Here in the Northern Hemisphere airlines will just be preparing for winter operations. Pilots, engineers and ground handling staff will start to undergo their annual refresher training on winter operations.

Before taking off an aircraft will be cleared of all snow and ice on the important parts of its exterior. Very detailed procedures have to be complied with to ensure aircraft are free of contamination. Sometimes de-icing is done by a crew using a spray gun on a hydraulic lift while at other airports aircraft have to taxi through a giant archway which sprays it with de-icing fluid. Each type of fluid, according to the weather at the time has a period while it is effective…if a plane doesn’t take off within this time it has to be de-iced again. Safety is the only consideration.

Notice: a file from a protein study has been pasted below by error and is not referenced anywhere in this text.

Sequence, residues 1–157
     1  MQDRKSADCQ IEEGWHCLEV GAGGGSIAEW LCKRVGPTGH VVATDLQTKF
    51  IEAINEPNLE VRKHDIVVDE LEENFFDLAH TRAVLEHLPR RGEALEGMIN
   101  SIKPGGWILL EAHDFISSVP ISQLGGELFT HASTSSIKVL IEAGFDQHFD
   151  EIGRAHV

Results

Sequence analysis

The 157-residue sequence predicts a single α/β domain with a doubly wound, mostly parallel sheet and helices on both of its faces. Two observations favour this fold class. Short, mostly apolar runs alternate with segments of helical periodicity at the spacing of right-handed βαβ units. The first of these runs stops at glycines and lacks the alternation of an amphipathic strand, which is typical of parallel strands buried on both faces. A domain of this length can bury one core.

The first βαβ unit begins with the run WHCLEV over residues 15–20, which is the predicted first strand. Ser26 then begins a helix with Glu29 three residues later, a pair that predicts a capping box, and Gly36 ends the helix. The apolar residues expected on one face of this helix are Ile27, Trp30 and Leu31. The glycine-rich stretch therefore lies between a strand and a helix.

We all appreciate the differences on the roads when they have either been gritted or not, and there’s no official advice on how slippery a road may be. Information about actual, as opposed to forecast conditions are just not available to road users.

You’d expect me now to say that it’s completely different at airports. And of course it is. Snow clearance from runways and and taxiways is a given. Detailed information is available to pilots and flight planners about the runway conditions, the depth of any contamination so that weight limitations can be calculated if appropriate. And despite the enormous safety margins available almost all aircraft have to take of with maximum power.

The only dangerous part of flying in the winter is your drive to and from the airport.

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